I’m skeptical of all these papers’ claims of “improvement” because the literature seems too saturated to maintain a total order, but the absolute numbers here are enough to bolster my belief that iso accuracy 4-bit logarithmic quantization by the end of training is possible (since we’ve seen this in a couple other papers). Which in turn suggests that 8-bit partway thru training and/or in part of the network is reasonably promising.
Rethinking the Role of Demonstrations: What Makes In-Context Learning Work? “Randomly replacing labels in the [fine-tuning] barely hurts performance, consistently over 12 different models including GPT-3. Instead, we find that other aspects of the demonstrations are the key drivers of end task performance, including the fact that they provide a few examples of (1) the label space, (2) the distribution of the input text, and (3) the overall format of the sequence.” I’m not sure what to take away from this concretely, but it seems like important data about what’s really going on in fine tuning.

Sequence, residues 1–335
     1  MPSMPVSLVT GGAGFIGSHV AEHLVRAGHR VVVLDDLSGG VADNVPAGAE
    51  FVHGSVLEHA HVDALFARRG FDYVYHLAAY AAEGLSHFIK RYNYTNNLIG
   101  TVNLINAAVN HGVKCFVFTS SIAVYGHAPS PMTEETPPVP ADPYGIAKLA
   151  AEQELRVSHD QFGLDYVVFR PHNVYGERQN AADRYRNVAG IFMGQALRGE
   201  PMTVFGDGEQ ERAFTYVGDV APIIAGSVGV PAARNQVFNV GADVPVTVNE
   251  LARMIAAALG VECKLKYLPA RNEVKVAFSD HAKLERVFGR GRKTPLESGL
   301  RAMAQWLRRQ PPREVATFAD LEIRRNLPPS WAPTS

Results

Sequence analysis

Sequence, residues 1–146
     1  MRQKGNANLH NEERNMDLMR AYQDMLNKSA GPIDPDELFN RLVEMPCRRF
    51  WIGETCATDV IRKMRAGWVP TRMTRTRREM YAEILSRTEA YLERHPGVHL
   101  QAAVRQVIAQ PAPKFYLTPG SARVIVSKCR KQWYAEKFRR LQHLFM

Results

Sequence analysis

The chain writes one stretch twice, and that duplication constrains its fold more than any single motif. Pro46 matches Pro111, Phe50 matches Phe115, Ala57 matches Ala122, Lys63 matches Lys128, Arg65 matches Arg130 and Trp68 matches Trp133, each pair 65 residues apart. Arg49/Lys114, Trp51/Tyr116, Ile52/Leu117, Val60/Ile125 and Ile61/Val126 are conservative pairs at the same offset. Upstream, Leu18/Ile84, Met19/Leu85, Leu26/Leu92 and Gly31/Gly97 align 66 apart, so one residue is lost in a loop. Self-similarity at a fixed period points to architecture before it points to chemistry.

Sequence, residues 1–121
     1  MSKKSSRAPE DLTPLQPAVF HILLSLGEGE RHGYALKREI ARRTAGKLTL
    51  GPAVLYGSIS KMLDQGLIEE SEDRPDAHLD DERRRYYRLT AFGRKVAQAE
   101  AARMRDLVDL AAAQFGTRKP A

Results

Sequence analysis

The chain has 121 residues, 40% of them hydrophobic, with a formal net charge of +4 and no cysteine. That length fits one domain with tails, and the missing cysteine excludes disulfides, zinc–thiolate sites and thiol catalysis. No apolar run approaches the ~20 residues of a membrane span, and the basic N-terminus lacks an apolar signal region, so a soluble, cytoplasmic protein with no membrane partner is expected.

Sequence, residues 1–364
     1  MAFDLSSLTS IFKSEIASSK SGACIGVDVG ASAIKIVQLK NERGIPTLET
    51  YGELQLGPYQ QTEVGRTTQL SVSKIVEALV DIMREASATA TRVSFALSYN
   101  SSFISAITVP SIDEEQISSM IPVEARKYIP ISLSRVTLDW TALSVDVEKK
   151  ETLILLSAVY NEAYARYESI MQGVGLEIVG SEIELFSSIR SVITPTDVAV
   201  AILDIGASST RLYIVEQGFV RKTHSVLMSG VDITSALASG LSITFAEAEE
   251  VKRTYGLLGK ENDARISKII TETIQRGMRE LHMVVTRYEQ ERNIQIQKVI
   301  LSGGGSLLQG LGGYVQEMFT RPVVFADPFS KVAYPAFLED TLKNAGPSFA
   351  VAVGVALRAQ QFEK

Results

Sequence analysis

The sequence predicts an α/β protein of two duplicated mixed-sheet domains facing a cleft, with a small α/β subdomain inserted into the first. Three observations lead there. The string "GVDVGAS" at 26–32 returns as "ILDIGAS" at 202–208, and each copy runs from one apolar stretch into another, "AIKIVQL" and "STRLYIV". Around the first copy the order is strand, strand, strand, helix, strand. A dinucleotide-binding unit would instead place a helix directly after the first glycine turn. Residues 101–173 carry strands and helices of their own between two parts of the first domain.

When Shift Operation Meets Vision Transformer: An Extremely Simple Alternative to Attention Mechanism They replace the attention mechanism in a Swin transformer with a simple spatial shift of some of the channels. Works just as well, essentially, as measured in accuracy, flops, params, and time. Although their times are inference on a GTX1080-Ti, which doesn’t have tensor cores, and therefore probably makes their bandwidth-bound ops look better. They argue that this suggests that attention isn’t that important to ViT accuracies, and instead it’s more from AdamW, GELU, and training for 300 epochs (see nice ablations table below).
DeepNet: Scaling Transformers to 1,000 Layers TLDR image sums it up pretty well. If you dig into the appendix, you’ll find that their derivations don’t really point to these exact numbers, but instead fairly abstract formulas that these particular numbers satisfy. Which is kind of good, but also makes it hard to know build intuition for what’s going on here.